On a trampoline, a back pullover entails bouncing from your feet to your back, then rotating from your back to your feet. Essentially it’s like a backward roll, but with a little spring to it.
If you land low enough on your back and stay tight, the trampoline essentially does the work of bouncing you over yourself so you can pop your feet out at the end and land on your feet.
If you land too high on your back you won’t get over. If you don’t stay tight with your head tucked in you can get whip lash. If you try to open too early you’ll slow your rotation, which makes it harder to get around.
Back pullovers scare me. I really don’t like to work on them. Which is why I need to practice them more. I practice them in safety lines so that my coach can assist if necessary. It’s still kind of scary.
I can feel my body often holding tension as I set up to bounce to my back. Landing in the sweet spot can be elusive. And then there’s my tendency to throw my head back as if to see where I’m going, which doesn’t help and could hurt.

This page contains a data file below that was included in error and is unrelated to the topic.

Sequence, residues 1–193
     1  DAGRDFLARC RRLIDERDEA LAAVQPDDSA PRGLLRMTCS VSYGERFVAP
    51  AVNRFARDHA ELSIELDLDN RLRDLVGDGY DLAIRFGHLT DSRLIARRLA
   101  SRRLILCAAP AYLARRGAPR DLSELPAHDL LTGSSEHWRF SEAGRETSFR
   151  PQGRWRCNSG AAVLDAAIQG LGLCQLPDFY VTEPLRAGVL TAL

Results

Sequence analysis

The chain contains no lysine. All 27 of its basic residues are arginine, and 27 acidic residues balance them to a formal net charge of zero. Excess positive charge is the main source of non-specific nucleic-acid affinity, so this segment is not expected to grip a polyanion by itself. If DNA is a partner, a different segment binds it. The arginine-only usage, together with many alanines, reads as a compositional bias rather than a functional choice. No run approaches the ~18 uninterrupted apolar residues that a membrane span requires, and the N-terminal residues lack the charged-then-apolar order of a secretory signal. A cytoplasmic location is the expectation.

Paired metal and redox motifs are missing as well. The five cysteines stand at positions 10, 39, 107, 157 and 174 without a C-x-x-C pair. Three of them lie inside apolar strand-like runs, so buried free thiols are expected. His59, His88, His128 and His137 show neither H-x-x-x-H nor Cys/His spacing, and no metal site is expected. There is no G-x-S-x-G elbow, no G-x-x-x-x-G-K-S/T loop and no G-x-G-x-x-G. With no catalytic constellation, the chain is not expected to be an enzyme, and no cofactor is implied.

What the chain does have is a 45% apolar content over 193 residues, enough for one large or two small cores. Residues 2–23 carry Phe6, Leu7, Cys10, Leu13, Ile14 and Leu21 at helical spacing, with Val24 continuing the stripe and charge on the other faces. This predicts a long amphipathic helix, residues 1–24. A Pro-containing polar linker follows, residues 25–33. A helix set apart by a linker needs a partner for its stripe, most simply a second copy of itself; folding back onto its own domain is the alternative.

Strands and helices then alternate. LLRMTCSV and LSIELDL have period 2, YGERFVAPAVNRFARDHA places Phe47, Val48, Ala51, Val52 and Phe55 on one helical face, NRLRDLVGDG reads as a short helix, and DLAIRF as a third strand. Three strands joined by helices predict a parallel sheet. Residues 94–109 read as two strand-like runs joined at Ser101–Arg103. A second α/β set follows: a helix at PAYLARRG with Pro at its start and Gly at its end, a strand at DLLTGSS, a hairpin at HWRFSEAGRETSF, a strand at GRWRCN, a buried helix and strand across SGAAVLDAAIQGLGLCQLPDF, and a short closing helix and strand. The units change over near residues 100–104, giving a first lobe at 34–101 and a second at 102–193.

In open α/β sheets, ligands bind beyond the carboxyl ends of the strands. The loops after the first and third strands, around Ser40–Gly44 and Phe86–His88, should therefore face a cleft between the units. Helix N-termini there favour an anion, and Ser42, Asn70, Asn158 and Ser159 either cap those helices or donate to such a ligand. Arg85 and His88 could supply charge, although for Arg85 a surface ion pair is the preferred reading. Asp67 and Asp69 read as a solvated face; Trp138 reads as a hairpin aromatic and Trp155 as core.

The blind nature of this skill — the fact that you can’t see where you’re going — is part of what makes it scary.
Other students tend to feel similar fear in a plain back drop, even without the rotation.
The Opposite of Our Conditioning
It’s human nature to want to see where we are going. This is how we are conditioned from the time we begin crawling:
Move forward, look at where you’re going, follow the trajectory of your vision.
Learning back pullovers is training in the opposite direction: move backward and keep your focus internal; don’t try to look where you’re going. If you try to look you’ll get hurt.
So I bounce and land on my back, keeping my knees pulled in toward my chest, my chin tucked, and my gaze focused on my knees.
It’s the opposite of every instinct in my body, but it works. When I land on that sweet spot at the lowest part of my back, magic happens: my legs come over my head as I rotate, and I bounce over to my feet, coming to standing.
The Real Skill
The real skill I’m developing here is trust.
In life we may be moving forward but we can’t always see where we’re going. Trying to look can force us out of alignment and make our task needlessly difficult.
We have to trust our technique to get us over ourselves, keep our focus internal, and trust that we’ll bounce through and land on our feet.